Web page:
Bochner was born in Pittsburgh in 1940, but he soon understood that the center of art in America was New York and he moved there in 1964, and still resides there. His work, still focused on linguistic analysis, underwent a progressive development over the years: in particular, the hard black and white of his first works slowly faded to let color preponderate, as a sensual and engaging charge. In reality this is a process that involved all the artists from those years to a certain extent: the seminal and ideological hardness of the 1970s peels off and smoothes out in a riot of chromatic songs in the following decade. Just think, as a term of comparison, of the first photos of Gilbert & George’s “Singing Sculpture” and their subsequent epiphanies: an abyss.
As proof of his role within those radical upheavals, Bochner boasts an endless series of exhibitions in private galleries and is present in the permanent collections of the MET, MoMA and the Whitney Museum in New York, the Tate Modern in London, the National Gallery in Washington, MOCA in Los Angeles, Centro de Arte Reina Sofia in Madrid. In Italy it was presented for the first time in 1970, in Turin by the Galleria Sperone and in Milan by the Galleria Toselli. Now, in Turin, at Metroquadro, Bochner returns for his fifth solo exhibition in this gallery and for this occasion his latest works on paper will be presented: monotypes with collage together with engravings. Mel Bochner began working on the monotypes in 1994, partly for the recovery of a technique that has gone out of fashion and partly for the surprise that the monotype reserves in the fading of the outlines. The work on the letter does not change and reveals a certain assonance with the component writing of Alighiero and Boetti. The boundaries are those of the page and the line and this is the constraint of each of his sentences, as are the square boxes in Boetti’s words. Space thus becomes the bond of meaning and of the message that can be transmitted.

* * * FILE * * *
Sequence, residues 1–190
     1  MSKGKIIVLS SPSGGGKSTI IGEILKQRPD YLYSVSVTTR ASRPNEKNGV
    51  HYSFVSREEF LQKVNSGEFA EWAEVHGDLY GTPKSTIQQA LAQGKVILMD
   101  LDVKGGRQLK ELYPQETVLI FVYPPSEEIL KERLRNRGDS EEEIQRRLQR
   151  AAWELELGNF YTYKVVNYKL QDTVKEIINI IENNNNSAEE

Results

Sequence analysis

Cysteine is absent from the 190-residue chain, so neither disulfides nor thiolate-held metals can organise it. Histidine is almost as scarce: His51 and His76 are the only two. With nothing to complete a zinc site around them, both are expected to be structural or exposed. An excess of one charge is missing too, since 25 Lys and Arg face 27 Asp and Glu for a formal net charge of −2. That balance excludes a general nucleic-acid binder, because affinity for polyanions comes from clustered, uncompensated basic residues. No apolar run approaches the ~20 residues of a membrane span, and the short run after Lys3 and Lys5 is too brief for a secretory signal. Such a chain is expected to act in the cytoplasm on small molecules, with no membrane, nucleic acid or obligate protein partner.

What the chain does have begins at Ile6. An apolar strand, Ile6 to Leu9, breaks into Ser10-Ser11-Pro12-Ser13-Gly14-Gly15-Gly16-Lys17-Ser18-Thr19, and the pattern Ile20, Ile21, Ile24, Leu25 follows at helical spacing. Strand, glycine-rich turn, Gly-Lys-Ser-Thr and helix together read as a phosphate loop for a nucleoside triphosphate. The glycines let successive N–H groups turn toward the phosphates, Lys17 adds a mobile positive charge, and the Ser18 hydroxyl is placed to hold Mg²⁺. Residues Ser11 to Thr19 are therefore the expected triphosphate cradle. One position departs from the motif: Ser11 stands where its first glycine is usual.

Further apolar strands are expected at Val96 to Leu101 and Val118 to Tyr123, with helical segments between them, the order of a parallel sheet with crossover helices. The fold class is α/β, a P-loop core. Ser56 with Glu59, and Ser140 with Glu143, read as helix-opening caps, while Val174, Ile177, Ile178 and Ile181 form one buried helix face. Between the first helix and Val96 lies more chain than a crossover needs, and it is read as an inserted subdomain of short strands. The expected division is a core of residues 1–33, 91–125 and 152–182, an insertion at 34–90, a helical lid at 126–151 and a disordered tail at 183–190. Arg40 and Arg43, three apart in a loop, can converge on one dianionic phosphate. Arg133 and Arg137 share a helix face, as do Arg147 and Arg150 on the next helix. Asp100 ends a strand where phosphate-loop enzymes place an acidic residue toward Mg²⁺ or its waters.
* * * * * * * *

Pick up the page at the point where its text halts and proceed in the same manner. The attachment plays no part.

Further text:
Once this problem has been solved, the reorganization based on color combinations and the perception of individual words begins. But the author does not always want to dominate the entire creative process: sometimes he grants his collaborators the possibility of some variations, just as Mark Kostabi gets the titles of his paintings proposed by the people he meets. In this way, an art that wants to be radically conceptual opens up to the uncertainty of the result, so that chance and fate enter the final phase of the work. Moreover, this Metroquadro initiative will fall within the Exhibi.to OPEN GALLERY WEEKEND project, the Turin event which will take place on 21, 22 and 23 September, somewhat along the lines of the “collective vernissages” which are also organized in Berlin He’s in London.